Insights from the era of FERC Order 2222

Insights from the era of FERC Order 2222

January 28, 2022

By: Connor Waldoch, Senior Manager, Policy & Regulatory Affairs


The growth of distributed energy resources (DERs) is rapidly accelerating nationwide, prompting the Federal Energy Regulatory Commission (FERC) to issue a landmark new order in the fall of 2020: Order No. 2222. DERs exist somewhere between traditional demand response (DR) and centralized generation; they’re sometimes able to participate in full energy and ancillary services, and often able to generate revenue via utility DR programs. As a result, this new resource class has struggled against ill-fitting regulatory schemes and market structures.

Significant strides toward reform have been made on the utility side, often driven by state policies like the VDER construct established in New York by the Public Service Commission. However, the progress in wholesale markets has been less consistent. Order No. 2222 aims to change that by reducing barriers to DER participation in wholesale markets and by requiring the Independent System Operators (ISOs) ISO and Regional Transmission Organizations (RTOs) to address issues of integration and coordination of these resources between their operators, the market, and distribution utilities.


Ultimately, the rule aims to enable DERs to compete in wholesale markets with traditional resources, continuing to drive innovation in this space in order to increase system reliability and lower costs for consumers. Order 2222 does not force a new resource mix on US energy markets. Rather, it acknowledges the existing shift in the nation’s resource mix and seeks to coordinate and standardize that ongoing transition. To date, the evolution of market products has not kept pace with the proliferation of small-scale energy generation and storage technologies.


Most ISOs/RTOs have recognized the growth of small, distributed resources and have either implemented, are in the process of implementing, or are considering market design changes. However, those design processes tend to rely on outdated snapshots of where technology was at the time design inputs were required, which fail to account for the rapid pace of innovation in this space. Traditional stakeholders continue to drive these proceedings, upholding design processes derived from the era of vertically integrated utilities, single owners of expansive transmission and distribution networks, and large central generators - each of which may retain preferential rights.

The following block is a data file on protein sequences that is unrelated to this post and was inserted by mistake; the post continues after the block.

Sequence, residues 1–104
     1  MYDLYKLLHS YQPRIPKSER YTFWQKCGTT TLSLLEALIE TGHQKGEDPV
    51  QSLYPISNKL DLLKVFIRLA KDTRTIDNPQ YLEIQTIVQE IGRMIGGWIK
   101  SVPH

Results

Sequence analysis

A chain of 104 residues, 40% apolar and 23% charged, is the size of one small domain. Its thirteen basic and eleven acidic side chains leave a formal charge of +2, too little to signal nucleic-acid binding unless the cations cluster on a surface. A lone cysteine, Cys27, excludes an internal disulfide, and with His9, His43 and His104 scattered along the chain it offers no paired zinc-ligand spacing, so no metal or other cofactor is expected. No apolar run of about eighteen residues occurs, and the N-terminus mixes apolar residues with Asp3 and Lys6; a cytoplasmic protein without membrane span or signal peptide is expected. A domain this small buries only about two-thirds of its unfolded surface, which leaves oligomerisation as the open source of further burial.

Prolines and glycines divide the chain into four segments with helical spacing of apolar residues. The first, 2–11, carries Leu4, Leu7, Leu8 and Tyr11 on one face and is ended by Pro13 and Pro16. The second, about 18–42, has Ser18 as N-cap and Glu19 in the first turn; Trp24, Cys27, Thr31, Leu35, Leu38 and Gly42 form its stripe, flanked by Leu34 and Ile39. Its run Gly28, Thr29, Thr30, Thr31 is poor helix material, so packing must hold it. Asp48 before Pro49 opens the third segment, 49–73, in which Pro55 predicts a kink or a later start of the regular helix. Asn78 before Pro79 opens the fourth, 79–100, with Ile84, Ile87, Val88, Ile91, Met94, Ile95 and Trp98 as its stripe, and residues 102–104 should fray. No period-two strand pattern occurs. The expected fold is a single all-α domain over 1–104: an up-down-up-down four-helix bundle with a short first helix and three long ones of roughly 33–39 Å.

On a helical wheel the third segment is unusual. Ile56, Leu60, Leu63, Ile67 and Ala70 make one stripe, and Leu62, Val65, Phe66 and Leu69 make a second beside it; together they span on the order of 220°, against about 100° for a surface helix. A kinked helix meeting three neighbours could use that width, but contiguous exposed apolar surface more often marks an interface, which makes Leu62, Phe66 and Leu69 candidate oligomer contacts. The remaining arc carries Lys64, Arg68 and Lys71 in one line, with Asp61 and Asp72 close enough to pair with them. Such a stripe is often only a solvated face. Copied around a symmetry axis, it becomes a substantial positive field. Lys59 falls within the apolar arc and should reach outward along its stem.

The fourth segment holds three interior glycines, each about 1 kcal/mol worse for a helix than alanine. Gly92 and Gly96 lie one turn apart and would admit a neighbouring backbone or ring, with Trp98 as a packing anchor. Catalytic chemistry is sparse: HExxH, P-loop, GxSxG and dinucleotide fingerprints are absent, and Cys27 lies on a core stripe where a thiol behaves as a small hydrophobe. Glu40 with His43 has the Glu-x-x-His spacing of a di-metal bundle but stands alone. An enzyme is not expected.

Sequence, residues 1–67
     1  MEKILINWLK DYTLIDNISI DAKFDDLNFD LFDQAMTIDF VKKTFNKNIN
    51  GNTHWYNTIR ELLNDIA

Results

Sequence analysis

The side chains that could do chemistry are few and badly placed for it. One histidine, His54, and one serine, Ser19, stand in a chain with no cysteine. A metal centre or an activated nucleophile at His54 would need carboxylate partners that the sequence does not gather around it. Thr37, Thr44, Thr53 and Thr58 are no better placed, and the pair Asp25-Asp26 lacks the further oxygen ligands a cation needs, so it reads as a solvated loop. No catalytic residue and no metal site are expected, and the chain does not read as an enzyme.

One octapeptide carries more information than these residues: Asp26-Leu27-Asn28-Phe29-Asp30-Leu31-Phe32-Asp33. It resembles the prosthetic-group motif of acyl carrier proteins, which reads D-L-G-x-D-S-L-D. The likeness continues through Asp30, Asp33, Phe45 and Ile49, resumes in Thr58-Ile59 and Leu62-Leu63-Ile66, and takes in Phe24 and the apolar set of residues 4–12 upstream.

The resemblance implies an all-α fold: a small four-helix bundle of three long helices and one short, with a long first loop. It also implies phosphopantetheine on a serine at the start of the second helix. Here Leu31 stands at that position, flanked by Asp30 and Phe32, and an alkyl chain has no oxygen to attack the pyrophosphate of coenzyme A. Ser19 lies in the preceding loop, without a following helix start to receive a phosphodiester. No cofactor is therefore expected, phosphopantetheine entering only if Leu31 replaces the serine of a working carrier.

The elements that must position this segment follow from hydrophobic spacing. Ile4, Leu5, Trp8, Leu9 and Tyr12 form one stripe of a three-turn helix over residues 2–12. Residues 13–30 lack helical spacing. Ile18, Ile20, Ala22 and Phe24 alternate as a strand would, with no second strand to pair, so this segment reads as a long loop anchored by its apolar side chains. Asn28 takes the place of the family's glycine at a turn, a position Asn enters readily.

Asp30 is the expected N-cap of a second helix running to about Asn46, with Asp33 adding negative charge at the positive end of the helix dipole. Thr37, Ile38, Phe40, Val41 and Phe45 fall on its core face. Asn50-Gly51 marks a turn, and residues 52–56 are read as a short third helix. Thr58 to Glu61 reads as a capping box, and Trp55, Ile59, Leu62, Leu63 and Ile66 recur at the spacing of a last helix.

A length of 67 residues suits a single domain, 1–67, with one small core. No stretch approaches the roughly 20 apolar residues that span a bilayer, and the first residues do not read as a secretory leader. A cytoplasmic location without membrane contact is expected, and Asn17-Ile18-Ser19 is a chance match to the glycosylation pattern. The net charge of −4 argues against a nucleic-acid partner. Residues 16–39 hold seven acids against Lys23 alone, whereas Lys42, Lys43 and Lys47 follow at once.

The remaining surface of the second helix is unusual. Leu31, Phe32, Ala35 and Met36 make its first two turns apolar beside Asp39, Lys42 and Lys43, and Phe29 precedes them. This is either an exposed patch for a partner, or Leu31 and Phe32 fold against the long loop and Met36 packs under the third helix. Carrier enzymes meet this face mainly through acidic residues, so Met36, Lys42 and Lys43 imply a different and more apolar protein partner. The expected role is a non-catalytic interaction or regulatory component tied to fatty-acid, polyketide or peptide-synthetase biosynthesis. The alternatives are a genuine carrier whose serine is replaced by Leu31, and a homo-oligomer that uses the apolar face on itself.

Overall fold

These individual ISO/RTO processes are inadequate to deal with the rapid deployment of small resources that can behave similarly to traditional generators. They are also ill-equipped to deal with the capabilities that network-connected electrical devices can bring to electricity markets, even as the use of these devices has exploded everywhere from residential homes to big box stores. This device uptake is fueled both by market forces as well as local, state, and regional policies intended to spur electrification and sustainable living standards backstopped by clean energy and distributed resources.


Energy market design needs to borrow a concept from modern urban design and go multimodal. Instead of centralized highways eviscerating local communities, modern urban planning looks to resuscitate walkable communities and present a range of transportation options, balanced against a pressing need to optimize environmental impact and equity in infrastructure.


The energy industry is undergoing a similar shift as interest in microgrids and hyperlocal resources grows. ISOs/RTOs have the ability to avoid the issues faced by cities and transportation planners - no one likes a heap of scooters blocking the sidewalk - by meaningfully engaging with FERC-directed market design. That way, not only can they ensure they are responsive to these shifting paradigms, they can also proactively enable and benefit from them.


Crucially, these resources will be deployed into ISO/RTO territories regardless of market operator action. Whether through policy-driven incentives or simple economics, as prices for solar generation, energy storage, and electric vehicles continue to drop, consumer uptake will continue its exponential growth trajectory. Market operators have an opportunity with Order No. 2222 to make sure that their markets have insight into the resources reshaping their grids and dramatically altering operating conditions. A failure to fully engage with this emerging resource class will only lead to further abstraction from “the grid on the ground” and may cost consumers in the future as reactionary changes would be required in lieu of timely adaptation.


This introduction is the first in a series of blog posts exploring these issues, the spaces between FERC’s order, stakeholder interests, and ISO/RTO implementations - as well as the anticipated friction associated with proposed implementations. We will be breaking things down along the parameters defined by FERC in the original order, discussing implementation filings along with responses, and sharing our insights about current operations along the way.


In our next post, we’ll talk about coordination: With whom? By what method? Under what constraints? Why communicate at all?

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